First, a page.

Monday, December 26, 2022

Silvery Morning

Silvery Dawn, Ocean Beach

It was good to see the silvery light of morning today, instead of the orange-brown glow of air pollution we've experienced the last week or so. And with rain on the way, and snow coming to the mountains, it feels like a new beginning is at hand. Also, when I suddenly awoke in the wee hours last night I sensed that I'd finally turned the corner on my journey through an influenza infection which inspired me to pull Planet of Microbes by Ted Anton off our bookshelf. 

I've enjoyed encountering phrases highlighted in a previous reading, such as "most of the capabilities of plants and animals derived from bacteria. They make our oxygen and soil, recycle everything that dies, and create most of the processes, such as respiration and metabolism, on which life depends.... Other microbes in the human gut helped us to produce the vitamins we needed to survive."

"Identity is not an object, it is a process," says Lynn Margulis, whose groundbreaking idea that symbiosis is an integral part of the evolution of life was met with ridicule, and not all that long ago either. Even scientists hate to let go of a treasured dogma.

As for having the flu, it was also interesting to read that "our energy-producing mitochondria are descended from typhus-causing Rickettsia" (attributed to Michael Gray). 

I've come to see the influenza virus infecting my body as a fellow traveler in the process that is life on Eartha guest in my body whose departure I hope to joyfully celebrate very soon.


Minutes After the Silvery Dawn


Lunar Eclipse of December 2011, Ocean Beach


Tube Ride, Ocean Beach


Luffenholtz Beach, Humboldt County


Nautilus on the Half Shell


King Tide, Big River, Mendocino, Dec. 21, 2022

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Sunday, December 18, 2022

Flowers & Fungi

 

Iris #1

I don't know why I still feel surprised to see flowers in December, when fungi should be reigning and the clouds raining too. The iris, Stropharia, and Hericium are from Pt. Reyes, while the Armillaria (honey mushrooms) growing next to a drain were found in front of someone's house along my city walking route. Just yesterday I noticed some currants flowering along Sunset Boulevard.


Iris #2


Stropharia ambigua


Hericium coralloides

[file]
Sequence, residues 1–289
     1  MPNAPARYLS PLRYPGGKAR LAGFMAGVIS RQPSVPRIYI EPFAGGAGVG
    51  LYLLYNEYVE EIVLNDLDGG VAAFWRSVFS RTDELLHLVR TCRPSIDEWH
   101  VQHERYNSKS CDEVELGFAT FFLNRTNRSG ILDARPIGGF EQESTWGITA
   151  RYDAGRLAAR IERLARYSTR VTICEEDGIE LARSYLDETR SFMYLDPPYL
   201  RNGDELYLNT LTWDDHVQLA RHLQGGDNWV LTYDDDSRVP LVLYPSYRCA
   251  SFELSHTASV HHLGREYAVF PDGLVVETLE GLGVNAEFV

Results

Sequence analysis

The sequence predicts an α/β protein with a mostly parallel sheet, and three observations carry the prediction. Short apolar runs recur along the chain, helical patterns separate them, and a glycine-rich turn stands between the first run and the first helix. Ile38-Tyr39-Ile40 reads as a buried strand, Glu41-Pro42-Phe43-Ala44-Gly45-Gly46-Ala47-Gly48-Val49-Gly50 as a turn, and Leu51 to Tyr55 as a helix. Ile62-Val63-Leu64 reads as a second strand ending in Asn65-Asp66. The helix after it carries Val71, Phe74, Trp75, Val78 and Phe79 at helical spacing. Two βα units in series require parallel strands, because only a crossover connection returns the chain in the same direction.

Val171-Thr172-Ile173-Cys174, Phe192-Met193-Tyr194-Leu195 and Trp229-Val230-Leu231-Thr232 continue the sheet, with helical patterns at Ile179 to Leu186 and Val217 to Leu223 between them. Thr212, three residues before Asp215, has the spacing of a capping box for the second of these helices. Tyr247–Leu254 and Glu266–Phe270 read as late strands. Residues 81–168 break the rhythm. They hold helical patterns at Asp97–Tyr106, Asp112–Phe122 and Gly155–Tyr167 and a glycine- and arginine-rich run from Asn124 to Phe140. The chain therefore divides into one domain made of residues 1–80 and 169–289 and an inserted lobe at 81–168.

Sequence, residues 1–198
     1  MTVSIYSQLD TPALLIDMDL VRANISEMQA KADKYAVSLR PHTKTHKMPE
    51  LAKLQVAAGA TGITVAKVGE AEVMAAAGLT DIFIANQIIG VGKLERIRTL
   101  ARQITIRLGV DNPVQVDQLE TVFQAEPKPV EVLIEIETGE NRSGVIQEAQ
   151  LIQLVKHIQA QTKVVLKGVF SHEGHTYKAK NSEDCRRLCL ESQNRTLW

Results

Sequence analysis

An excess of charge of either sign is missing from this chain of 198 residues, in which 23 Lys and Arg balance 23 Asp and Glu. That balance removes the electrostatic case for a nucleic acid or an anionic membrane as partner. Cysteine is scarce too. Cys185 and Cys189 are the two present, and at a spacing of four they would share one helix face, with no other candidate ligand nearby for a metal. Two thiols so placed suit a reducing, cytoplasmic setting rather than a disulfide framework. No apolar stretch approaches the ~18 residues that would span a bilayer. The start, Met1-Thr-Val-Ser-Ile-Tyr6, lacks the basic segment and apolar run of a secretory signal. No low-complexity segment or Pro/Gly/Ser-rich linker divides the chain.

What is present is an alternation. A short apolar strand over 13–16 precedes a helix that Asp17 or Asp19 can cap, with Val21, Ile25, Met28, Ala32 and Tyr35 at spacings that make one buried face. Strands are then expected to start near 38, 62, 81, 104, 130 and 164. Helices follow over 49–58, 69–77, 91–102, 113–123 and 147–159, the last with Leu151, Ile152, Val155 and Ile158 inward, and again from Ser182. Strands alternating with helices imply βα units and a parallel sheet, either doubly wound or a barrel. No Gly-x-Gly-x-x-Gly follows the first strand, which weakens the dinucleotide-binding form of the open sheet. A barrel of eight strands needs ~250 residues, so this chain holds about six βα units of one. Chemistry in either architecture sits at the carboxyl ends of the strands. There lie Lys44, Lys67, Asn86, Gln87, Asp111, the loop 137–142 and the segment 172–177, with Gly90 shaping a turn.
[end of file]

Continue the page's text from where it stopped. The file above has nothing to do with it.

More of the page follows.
Armillaria mellea

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Friday, December 16, 2022

Reef Walker

 

Exposed Reef at Drake's Beach

Semipalmated Plover


Plover in Backlight

P.S. I looked out the back window this morning, facing east, and saw a really weird cloud that appeared to be glowing. I couldn't figure out where the light was coming from. It wasn't moonlight, and it wasn't city lights. Only later did I learn it was a "noctilucent cloud" created by a SpaceX launch at Vandenberg before dawn, as reported on SFGate. I thought about taking a picture of it, but too much of the neighbor's roof was obscuring a clean shot. Now I wish I'd photographed it anyway.

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Wednesday, December 14, 2022

'Tis The Season

 

View of Mt. Tam from Coyote Creek

As the year winds down toward winter solstice with increasingly long and chilly nights, the mountain is already gearing up for its new-year revival of life. 

What's that strange sound in the woods? It's the sound of flowing creeks. 

Finally.

When I checked the trail cams last week I was determined to move them to a new location, but when I hiked out to the general area I had in mind, I couldn't find a specific spot that wouldn't be too exposed to off-trail hikers. I've been amazed several times in the past when the cams have caught people in unexpected places, and unless there are shoe or bike tracks it's not always easy to tell a game trail from an unofficial people trail. Not that it's a big deal if someone sees one of the cams, but part of the fun for me is finding places where only wild animals pass by.

Since I couldn't find a new spot I ended up taking the cams home. In reviewing some of my old footage I found a location that I'd forgotten about and wanted to stake out again, so yesterday I brought the cams back up.